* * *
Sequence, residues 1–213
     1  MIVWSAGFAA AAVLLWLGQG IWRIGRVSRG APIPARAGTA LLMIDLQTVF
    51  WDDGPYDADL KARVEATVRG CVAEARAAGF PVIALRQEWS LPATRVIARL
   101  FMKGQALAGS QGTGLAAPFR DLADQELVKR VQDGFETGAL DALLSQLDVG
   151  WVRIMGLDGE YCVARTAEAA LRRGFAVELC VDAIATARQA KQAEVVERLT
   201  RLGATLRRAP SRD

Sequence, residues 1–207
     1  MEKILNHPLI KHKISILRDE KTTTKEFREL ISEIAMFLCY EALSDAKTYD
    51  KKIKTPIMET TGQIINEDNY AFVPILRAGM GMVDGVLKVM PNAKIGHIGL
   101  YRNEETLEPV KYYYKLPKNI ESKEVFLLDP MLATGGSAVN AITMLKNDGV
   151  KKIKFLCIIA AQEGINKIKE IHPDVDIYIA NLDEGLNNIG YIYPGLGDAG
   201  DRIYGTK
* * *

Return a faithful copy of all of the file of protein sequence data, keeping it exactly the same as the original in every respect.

Sequence, residues 1–213
     1  MIVWSAGFAA AAVLLWLGQG IWRIGRVSRG APIPARAGTA LLMIDLQTVF
    51  WDDGPYDADL KARVEATVRG CVAEARAAGF PVIALRQEWS LPATRVIARL
   101  FMKGQALAGS QGTGLAAPFR DLADQELVKR VQDGFETGAL DALLSQLDVG
   151  WVRIMGLDGE YCVARTAEAA LRRGFAVELC VDAIATARQA KQAEVVERLT
   201  RLGATLRRAP SRD

Sequence, residues 1–207
     1  MEKILNHPLI KHKISILRDE KTTTKEFREL ISEIAMFLCY EALSDAKTYD
    51  KKIKTPIMET TGQIINEDNY AFVPILRAGM GMVDGVLKVM PNAKIGHIGL
   101  YRNEETLEPV KYYYKLPKNI ESKEVFLLDP MLATGGSAVN AITMLKNDGV
   151  KKIKFLCIIA AQEGINKIKE IHPDVDIYIA NLDEGLNNIG YIYPGLGDAG
   201  DRIYGTK